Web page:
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Sansui QSD-1 Unit is up for Auction

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Circular Vibes

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That was how I got mine. If it hadn't gone so cheap I'd have had to pass. They seem to still be plentiful in Japan. I changed out the transformer for a 120 volt one so I could get away with not using the step down tranny. If someone here picks it up cheap it is a nice piece to own.
 

Sonik Wiz

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Here's how I got my QSD-1 for $50...
In the early 70's a friend had a jazz program on NPR associated with the local college. I would go there & hang out with him Fridays 8> 12 pm. One time I noticed a rack mounted piece of gear that turned out to be a Sansui QSE-5B encoder. It was mounted in a rack but the power cord was still tied up in original twisty ties. My friend said it had never been used & I inquired about how I might buy it. Eventually there was a wide scale auction of various items that only college staff could bid on. My friend put me in touch with the station manager & he purchased the encoder on my behalf for $50.

At that time I was in touch with various quaddies (snail mail or land line phone ya know) & one of them was Dave Winner in Philadelphia. He had a QSD-1 he would be happy to trade for a QS encoder. So we did.

For a while I had the magic combination of a Sony 4ch R2R, the encoder, the QSD-1 decoder & a QSD-2. The 4 ch discrete input on the QSD-1 made it very easy to A/B compare discrete 4ch (Moddy Blues, of course) or encode/decode QS and also compare the D1 to the D2. Then I shipped the encoder to Dave, having learned a lot in the meantime.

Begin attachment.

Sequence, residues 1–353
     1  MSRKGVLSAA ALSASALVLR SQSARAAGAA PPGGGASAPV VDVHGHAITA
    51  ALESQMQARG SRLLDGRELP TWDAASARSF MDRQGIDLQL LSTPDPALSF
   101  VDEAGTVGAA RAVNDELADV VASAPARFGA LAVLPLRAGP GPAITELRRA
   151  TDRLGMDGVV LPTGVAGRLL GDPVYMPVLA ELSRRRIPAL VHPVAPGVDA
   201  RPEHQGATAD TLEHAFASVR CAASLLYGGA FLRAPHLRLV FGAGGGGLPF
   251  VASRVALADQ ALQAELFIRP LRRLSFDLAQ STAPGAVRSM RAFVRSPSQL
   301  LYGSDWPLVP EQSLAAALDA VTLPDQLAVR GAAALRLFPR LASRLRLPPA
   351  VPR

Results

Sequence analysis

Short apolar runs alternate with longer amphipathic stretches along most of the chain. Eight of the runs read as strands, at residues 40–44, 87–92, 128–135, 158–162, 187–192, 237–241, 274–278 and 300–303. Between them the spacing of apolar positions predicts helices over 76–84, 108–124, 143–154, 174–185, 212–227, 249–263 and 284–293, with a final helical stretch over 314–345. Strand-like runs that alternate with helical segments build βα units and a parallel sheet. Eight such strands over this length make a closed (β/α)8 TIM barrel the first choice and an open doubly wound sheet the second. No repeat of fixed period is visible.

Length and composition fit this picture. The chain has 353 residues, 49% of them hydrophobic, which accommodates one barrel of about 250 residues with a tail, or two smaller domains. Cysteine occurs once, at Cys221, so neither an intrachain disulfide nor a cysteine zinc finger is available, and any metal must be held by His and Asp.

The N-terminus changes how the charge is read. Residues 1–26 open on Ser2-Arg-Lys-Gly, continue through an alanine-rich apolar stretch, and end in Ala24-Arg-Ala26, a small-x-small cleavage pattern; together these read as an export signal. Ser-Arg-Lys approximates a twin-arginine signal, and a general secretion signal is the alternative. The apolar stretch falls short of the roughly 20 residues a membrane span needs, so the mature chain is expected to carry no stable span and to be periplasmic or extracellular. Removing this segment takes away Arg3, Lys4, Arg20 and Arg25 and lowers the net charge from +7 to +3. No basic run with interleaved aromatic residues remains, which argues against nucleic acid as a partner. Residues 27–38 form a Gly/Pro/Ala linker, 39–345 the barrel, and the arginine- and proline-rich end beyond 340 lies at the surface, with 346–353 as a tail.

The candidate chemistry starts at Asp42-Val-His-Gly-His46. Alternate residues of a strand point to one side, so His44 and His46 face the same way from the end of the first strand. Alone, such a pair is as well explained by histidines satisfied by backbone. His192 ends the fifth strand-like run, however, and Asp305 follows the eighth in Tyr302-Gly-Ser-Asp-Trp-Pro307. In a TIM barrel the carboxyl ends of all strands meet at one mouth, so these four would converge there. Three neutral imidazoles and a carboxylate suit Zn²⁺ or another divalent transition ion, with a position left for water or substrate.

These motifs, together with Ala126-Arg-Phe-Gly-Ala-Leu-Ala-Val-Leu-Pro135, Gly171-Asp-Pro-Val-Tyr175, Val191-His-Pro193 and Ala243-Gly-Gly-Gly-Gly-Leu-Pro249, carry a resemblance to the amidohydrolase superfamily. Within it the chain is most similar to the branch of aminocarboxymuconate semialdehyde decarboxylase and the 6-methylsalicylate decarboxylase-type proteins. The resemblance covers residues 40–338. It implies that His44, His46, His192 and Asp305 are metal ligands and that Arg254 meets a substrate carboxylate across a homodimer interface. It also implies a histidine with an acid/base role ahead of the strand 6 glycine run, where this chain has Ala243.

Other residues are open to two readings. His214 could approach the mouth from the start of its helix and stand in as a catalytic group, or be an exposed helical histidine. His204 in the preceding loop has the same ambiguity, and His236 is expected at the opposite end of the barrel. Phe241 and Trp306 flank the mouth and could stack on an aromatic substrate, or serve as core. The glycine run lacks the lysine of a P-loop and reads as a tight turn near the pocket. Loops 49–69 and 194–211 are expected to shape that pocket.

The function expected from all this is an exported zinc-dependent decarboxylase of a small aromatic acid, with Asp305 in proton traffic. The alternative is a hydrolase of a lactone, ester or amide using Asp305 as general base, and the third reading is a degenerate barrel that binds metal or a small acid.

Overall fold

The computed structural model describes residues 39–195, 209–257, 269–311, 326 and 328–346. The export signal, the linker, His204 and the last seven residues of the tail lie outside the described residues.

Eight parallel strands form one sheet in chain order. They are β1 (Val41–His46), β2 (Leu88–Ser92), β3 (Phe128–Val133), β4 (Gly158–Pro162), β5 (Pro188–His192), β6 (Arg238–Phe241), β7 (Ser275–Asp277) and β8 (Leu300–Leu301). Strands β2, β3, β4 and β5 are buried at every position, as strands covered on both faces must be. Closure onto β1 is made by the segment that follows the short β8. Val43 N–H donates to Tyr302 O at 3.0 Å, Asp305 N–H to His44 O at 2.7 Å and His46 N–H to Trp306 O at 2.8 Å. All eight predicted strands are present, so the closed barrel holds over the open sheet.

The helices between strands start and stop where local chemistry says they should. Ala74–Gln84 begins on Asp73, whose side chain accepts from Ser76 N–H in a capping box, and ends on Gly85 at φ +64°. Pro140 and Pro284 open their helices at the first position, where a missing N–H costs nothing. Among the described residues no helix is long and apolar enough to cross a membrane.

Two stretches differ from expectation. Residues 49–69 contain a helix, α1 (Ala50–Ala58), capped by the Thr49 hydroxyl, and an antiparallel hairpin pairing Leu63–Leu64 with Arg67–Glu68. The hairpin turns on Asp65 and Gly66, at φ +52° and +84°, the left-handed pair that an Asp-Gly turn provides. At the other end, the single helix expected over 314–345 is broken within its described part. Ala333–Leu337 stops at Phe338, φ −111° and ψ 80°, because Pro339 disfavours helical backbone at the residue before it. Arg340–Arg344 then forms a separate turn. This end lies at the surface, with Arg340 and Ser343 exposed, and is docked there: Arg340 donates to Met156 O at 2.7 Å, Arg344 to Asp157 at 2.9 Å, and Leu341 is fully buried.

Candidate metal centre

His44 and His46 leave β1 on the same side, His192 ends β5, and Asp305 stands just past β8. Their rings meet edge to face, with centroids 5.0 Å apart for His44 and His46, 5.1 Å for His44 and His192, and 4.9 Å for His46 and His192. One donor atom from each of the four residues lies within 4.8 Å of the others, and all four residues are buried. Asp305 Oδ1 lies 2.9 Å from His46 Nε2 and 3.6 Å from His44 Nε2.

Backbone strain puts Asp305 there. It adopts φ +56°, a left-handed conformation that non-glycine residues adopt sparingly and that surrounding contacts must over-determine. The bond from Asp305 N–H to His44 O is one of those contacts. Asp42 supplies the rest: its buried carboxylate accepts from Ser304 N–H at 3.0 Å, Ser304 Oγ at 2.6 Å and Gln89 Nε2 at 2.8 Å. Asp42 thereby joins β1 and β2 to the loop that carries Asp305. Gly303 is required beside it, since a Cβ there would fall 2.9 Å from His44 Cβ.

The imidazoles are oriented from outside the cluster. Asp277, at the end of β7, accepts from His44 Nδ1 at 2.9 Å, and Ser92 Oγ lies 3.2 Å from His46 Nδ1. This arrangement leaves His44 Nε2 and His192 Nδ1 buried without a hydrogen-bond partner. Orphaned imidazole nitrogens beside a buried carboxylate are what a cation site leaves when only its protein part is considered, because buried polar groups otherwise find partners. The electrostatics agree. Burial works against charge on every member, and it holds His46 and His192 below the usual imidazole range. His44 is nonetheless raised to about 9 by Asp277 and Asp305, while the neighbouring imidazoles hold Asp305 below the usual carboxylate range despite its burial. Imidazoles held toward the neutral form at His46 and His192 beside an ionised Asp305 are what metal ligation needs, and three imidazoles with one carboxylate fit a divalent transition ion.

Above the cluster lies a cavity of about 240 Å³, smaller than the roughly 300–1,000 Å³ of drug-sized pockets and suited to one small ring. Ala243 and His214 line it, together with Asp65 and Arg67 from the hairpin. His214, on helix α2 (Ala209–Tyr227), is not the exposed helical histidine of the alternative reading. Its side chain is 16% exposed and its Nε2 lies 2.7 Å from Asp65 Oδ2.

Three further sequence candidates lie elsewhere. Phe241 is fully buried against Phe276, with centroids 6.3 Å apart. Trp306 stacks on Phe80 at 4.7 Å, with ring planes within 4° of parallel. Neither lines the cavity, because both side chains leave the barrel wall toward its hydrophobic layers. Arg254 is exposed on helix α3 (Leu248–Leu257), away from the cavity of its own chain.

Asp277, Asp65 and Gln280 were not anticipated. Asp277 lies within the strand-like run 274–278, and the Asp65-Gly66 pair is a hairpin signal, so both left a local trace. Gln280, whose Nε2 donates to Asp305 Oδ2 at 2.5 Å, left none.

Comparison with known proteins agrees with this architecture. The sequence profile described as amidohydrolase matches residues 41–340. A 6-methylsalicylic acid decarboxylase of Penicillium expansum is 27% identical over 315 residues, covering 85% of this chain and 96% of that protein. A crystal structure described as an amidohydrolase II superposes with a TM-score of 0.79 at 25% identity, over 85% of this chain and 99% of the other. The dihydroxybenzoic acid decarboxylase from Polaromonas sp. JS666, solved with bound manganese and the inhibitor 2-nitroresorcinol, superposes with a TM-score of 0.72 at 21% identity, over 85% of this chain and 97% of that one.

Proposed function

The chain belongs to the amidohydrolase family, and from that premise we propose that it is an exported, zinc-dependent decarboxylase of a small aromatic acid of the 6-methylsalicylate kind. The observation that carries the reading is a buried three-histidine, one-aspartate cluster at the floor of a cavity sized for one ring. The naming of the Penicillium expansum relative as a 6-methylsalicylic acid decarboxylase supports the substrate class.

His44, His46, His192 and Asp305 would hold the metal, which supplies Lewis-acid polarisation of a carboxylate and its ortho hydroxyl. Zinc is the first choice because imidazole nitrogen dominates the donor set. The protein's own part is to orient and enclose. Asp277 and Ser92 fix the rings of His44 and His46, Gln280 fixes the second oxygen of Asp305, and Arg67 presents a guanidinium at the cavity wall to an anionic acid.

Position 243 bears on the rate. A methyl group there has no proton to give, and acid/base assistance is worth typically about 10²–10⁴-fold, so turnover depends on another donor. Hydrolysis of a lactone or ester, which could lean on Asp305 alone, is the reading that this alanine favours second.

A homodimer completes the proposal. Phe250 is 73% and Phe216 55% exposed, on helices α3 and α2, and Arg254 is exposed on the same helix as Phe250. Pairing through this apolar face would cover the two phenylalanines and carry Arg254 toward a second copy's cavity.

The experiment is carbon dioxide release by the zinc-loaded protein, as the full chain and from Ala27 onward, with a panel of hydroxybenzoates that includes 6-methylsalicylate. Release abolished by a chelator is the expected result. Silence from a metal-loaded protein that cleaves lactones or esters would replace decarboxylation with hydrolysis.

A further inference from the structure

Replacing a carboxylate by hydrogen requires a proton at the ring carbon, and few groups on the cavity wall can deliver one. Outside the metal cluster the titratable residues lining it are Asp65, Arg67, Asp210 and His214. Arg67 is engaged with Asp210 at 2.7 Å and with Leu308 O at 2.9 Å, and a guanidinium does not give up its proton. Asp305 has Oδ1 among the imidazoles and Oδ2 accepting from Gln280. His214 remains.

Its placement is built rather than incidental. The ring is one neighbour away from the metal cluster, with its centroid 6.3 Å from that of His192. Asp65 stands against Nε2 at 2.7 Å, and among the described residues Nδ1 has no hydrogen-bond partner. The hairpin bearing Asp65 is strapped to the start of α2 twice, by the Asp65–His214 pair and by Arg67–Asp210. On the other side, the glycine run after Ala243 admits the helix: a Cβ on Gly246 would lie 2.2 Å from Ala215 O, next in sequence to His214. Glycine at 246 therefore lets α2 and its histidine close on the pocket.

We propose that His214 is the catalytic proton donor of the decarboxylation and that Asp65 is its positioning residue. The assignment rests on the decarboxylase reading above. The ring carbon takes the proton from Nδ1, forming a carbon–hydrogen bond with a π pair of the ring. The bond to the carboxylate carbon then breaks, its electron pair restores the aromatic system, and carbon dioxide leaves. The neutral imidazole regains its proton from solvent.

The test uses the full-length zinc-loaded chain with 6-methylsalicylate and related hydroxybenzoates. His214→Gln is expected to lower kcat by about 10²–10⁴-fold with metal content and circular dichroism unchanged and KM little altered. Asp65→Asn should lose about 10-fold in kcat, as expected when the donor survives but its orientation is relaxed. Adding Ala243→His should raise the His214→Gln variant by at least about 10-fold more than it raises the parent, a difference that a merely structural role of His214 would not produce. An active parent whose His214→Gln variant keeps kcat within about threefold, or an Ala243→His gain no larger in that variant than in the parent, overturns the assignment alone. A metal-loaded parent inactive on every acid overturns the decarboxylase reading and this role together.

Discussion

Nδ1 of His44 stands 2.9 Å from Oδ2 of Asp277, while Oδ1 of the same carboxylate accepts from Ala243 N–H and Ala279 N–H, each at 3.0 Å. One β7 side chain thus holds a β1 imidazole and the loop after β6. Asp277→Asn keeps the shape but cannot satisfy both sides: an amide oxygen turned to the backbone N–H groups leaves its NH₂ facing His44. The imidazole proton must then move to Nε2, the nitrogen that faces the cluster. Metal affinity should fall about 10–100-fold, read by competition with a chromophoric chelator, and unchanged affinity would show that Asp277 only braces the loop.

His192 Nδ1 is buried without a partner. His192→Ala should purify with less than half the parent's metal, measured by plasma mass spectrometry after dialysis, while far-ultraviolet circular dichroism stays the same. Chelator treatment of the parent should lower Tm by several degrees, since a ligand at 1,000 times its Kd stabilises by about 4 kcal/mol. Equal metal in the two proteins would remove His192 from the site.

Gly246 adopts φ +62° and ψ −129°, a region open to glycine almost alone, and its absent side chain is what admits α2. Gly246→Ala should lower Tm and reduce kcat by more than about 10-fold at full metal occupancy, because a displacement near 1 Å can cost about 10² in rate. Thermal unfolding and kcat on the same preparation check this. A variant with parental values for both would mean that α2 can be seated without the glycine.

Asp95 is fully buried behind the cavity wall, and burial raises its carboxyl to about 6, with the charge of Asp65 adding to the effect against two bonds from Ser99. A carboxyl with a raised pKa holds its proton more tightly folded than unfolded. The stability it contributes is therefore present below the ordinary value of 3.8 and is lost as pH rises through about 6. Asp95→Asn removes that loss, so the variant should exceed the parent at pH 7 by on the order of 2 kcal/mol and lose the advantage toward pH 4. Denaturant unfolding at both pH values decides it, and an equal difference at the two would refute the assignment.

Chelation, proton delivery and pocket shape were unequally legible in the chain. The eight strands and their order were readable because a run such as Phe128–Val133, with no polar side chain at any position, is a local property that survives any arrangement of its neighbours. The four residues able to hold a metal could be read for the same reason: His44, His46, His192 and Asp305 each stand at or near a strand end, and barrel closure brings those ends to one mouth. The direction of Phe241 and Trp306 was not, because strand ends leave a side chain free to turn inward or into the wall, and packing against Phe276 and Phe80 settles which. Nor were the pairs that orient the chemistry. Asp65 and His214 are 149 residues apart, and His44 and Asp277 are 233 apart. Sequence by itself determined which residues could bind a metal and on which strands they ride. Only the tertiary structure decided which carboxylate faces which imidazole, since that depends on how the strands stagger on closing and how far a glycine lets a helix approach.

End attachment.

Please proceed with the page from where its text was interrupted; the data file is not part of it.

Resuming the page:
Marcsten

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Here's how I got my QSD-1 for $50...
In the early 70's a friend had a jazz program on NPR associated with the local college. I would go there & hang out with him Fridays 8> 12 pm. One time I noticed a rack mounted piece of gear that turned out to be a Sansui QSE-5B encoder. It was mounted in a rack but the power cord was still tied up in original twisty ties. My friend said it had never been used & I inquired about how I might buy it. Eventually there was a wide scale auction of various items that only college staff could bid on. My friend put me in touch with the station manager & he purchased the encoder on my behalf for $50.

At that time I was in touch with various quaddies (snail mail or land line phone ya know) & one of them was Dave Winner in Philadelphia. He had a QSD-1 he would be happy to trade for a QS encoder. So we did.

For a while I had the magic combination of a Sony 4ch R2R, the encoder, the QSD-1 decoder & a QSD-2. The 4 ch discrete input on the QSD-1 made it very easy to A/B compare discrete 4ch (Moddy Blues, of course) or encode/decode QS and also compare the D1 to the D2. Then I shipped the encoder to Dave, having learned a lot in the meantime.
OK - tell us! How did the encode/decode under essentially laboratory conditions compare to the original discrete tape??? I'd love to know. I never had much QS as my decoder was rubbish, but when I got my QSD-2 that all changed. Now I am a fan!
 

Sonik Wiz

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OK - tell us! How did the encode/decode under essentially laboratory conditions compare to the original discrete tape??? I'd love to know. I never had much QS as my decoder was rubbish, but when I got my QSD-2 that all changed. Now I am a fan!
Well it was the prevailing (mis-) concept of quaddies at the time , including me that if you had ever heard a QSD-2 you thought: " Wow! If the D-2 sounds that good think how much more separation the D-1 must have! It's the pro-fessional unit so it must be really good!".

Of course it eventually dawned on me that D-1 or D-2 couldn't have any more separation than is in basic circuit design that is about 20>25 dB separation any direction decoding QS. However the D-1 obviously has tri-band decoding so what it offered is more stable decoding.